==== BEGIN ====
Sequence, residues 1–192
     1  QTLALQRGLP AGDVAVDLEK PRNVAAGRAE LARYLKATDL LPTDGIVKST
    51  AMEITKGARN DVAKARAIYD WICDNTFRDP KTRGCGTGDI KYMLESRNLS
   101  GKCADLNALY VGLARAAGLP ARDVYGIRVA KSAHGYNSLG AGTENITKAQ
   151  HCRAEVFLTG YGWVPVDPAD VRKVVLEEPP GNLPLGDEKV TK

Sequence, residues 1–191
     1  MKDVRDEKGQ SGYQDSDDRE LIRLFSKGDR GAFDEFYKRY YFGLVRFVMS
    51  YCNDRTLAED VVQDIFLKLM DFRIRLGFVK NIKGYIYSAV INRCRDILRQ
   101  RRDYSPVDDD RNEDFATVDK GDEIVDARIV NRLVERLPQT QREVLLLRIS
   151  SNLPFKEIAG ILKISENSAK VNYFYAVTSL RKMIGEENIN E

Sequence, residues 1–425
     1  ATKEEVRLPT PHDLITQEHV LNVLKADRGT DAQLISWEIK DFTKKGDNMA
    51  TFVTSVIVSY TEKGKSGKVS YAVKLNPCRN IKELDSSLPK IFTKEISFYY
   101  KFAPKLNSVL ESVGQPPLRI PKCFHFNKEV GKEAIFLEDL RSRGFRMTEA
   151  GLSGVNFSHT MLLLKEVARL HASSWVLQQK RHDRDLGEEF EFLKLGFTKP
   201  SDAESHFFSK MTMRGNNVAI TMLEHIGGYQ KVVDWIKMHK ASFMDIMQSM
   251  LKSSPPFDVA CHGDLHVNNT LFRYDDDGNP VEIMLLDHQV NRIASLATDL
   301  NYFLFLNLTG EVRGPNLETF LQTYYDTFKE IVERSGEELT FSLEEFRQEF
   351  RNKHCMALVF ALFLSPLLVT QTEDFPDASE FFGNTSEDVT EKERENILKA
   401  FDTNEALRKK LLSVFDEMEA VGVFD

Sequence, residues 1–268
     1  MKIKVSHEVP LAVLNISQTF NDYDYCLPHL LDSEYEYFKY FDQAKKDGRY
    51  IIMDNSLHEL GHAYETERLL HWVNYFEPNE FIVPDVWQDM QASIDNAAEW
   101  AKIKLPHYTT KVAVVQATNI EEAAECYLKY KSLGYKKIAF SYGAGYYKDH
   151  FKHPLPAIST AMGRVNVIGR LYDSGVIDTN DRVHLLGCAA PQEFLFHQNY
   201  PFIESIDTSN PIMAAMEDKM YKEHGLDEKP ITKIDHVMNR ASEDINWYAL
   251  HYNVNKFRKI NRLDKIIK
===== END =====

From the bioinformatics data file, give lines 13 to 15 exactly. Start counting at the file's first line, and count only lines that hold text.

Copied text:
    51  TFVTSVIVSY TEKGKSGKVS YAVKLNPCRN IKELDSSLPK IFTKEISFYY
   101  KFAPKLNSVL ESVGQPPLRI PKCFHFNKEV GKEAIFLEDL RSRGFRMTEA
   151  GLSGVNFSHT MLLLKEVARL HASSWVLQQK RHDRDLGEEF EFLKLGFTKP